• honeybee

          But it wasn’t “who are you going to score with”, which would imply they’re going to score come hell or high water. It was are you interested in any of the bridesmaids. Quite a difference.

        • http://feministing.com/members/napoleoninrags/ Napoleoninrags

          But we ALL objectify based on secondary sexual characteristics. See any psychological approach that acknowledges objects relations (ie. D.W. Winnicott). That’s how sexual attraction works and the conversation was about who the individual in question wanted to have causal sex with. If we are going to have a society in which casual sex is acceptable then these kinds of conversations are almost certain to occur. Of course the guy here is principally interested in the sexual characteristics of this woman – he’s planning on having a mutually agreeable sexual encounter with her based on the fact that both are at a special event and are unlikely to see one another again afterwords. This is the attraction of hooking up at weddings for men and women both.

        • http://feministing.com/members/danyfantombeast/ Daniel Ballow

          It’s been said before that the statement was to identify the person uniformly dressed who he didn’t know the name of to his friends. Not necessarily to “compliment” her.

          Sexism… “unfairness on the basis of gender.”

          Unfairness does not = sexism
          Unfairness happening to a woman does not = sexism
          It MUST be on the BASIS OF GENDER for it to be sexism

          Nothing the man said was on the basis of gender.
          The only one to bring gender into this matter was the person listening in on the conversation.

  • http://feministing.com/members/roklam/ SmooveS

    I think Charles (and you) need to lay off the dumb things men say to each other sometimes. I get that in other spaces the sexist comments and/or cat-calling is almost overwhelming, and entirely inexcusable, but was there anyone to harass in the bathroom? It’s almost the one place you’re almost guaranteed not to offend the opposite sex! When they were done talking about the women they’d never have the nerve to speak to they probably boasted about who could jump higher or who caught the biggest fake fish…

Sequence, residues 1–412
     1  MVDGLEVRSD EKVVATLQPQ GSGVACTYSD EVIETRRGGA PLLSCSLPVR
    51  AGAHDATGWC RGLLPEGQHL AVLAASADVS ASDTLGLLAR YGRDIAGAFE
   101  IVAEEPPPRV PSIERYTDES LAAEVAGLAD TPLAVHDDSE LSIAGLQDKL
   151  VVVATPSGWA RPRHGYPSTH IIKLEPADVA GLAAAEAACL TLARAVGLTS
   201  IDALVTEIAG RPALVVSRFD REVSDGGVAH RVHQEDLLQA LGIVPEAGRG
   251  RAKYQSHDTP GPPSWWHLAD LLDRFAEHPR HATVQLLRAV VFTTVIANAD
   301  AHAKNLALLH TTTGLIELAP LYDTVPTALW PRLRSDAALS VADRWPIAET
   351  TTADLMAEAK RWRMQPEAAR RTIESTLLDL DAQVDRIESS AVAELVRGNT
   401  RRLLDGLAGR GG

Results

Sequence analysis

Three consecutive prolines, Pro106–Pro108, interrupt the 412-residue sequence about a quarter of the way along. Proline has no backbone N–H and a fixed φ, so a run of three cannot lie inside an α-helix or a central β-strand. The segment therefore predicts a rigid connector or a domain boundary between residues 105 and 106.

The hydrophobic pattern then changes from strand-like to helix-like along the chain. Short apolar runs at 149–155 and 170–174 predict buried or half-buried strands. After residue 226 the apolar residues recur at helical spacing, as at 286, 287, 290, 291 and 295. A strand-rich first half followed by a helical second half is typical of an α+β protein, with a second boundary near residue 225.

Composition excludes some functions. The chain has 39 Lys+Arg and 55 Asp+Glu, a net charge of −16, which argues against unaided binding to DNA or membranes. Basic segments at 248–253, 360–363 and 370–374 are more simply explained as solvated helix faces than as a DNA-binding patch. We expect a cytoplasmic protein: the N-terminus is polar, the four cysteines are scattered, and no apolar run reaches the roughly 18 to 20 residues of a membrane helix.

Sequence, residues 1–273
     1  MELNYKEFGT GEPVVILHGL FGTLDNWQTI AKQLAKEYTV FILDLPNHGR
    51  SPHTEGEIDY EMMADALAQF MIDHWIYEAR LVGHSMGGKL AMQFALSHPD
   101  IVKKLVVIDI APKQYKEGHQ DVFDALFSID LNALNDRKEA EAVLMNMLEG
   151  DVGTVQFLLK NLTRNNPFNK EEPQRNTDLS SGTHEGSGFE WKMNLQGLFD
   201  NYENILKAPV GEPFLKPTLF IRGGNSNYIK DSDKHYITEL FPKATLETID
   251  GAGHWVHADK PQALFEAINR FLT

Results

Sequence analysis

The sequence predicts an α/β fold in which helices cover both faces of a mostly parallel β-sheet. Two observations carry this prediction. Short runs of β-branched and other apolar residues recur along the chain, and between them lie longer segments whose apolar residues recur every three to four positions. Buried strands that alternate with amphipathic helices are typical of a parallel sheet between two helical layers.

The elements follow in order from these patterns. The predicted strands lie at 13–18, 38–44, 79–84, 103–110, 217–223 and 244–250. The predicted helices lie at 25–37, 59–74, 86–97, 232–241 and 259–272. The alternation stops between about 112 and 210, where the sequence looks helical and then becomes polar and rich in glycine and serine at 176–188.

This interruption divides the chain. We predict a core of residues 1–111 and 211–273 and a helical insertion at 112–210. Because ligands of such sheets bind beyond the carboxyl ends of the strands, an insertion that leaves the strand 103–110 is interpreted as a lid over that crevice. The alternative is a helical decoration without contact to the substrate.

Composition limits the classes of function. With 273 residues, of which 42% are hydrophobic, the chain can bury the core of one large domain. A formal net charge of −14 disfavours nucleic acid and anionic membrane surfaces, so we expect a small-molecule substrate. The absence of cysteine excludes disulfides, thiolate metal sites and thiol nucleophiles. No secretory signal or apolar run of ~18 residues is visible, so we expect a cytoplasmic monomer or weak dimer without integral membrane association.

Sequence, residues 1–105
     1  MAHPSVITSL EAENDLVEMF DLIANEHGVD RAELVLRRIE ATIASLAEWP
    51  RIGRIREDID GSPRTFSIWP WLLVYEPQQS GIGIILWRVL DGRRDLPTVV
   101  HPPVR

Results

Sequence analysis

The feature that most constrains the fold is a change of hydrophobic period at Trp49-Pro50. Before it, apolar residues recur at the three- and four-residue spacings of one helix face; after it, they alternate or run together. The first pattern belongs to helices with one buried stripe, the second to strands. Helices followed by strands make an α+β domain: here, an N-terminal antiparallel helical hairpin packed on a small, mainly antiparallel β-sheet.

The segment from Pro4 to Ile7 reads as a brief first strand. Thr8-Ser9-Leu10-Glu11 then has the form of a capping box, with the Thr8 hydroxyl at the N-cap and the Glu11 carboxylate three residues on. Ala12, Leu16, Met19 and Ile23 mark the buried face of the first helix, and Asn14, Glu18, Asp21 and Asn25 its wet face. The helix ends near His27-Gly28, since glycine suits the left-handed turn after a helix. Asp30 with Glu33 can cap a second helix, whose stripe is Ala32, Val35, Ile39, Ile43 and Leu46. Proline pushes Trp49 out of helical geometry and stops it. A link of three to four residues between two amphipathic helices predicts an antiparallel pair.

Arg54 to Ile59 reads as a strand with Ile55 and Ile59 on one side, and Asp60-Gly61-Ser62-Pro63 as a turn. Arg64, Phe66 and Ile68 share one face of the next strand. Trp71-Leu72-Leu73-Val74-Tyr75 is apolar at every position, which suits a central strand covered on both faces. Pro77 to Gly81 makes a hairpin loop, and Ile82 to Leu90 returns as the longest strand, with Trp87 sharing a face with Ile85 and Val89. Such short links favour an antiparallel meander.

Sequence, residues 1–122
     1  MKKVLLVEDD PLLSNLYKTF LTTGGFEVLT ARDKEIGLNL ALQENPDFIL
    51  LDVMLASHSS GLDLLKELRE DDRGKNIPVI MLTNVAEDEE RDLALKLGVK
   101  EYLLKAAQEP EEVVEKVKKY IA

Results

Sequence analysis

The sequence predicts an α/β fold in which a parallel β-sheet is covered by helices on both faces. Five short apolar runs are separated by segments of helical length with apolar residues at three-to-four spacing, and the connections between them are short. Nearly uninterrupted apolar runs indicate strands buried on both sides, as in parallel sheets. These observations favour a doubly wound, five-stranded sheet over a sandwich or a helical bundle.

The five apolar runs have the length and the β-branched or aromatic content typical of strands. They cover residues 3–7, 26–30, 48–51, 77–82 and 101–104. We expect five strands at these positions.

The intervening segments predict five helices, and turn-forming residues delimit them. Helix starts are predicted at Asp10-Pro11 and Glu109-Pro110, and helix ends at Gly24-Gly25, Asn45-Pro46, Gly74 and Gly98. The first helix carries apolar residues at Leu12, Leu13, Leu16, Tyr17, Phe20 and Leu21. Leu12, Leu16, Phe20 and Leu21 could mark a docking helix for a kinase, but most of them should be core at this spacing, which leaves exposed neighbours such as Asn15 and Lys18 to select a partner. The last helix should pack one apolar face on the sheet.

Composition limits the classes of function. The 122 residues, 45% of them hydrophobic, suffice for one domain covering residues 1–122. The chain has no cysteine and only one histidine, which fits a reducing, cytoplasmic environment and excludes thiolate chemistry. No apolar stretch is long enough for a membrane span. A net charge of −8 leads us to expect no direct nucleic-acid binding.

Charles and I discussed the possibility that these guys took his silence as tacit approval of what they were saying. He wasn’t so sure, but I’m convinced that in this situation, he had the power to do a bit of feminist good.

    Charles is right. They weren’t thinking about him. And in that situation, in the bathroom, he had no power to do anything but come across as some feminist weirdo who spouted creepy rhetoric while they were bullshitting.

    I’d love to hear an example of what Charles could have done though. I know for a fact that there’s absolutely nothing he could have said in the bathroom, but following them out and saying something after would have been almost as weird.

  • http://feministing.com/members/eyesofmercy/ Autumn

    It really astounds me how many ppl there are here debating the sexism of the comment Charles overheard. A woman, writing on a feminist site SAYS its sexist. I’m so tired of folks arguing and debating and philosophizing, rather than shutting the fuck up and listening to those who actually have these EXPERIENCES. Talking about all the great ideas and perspectives you have about oppression (be it racist, sexist, classist, etc) does NADA if you won’t begin to listen and believe what we are telling you. Don’t ask “how is this sexist?” “how is this CHarles’ responsibility?” Believe Chloe, believe me. Isn’t it better to err on the side of feminism anyway?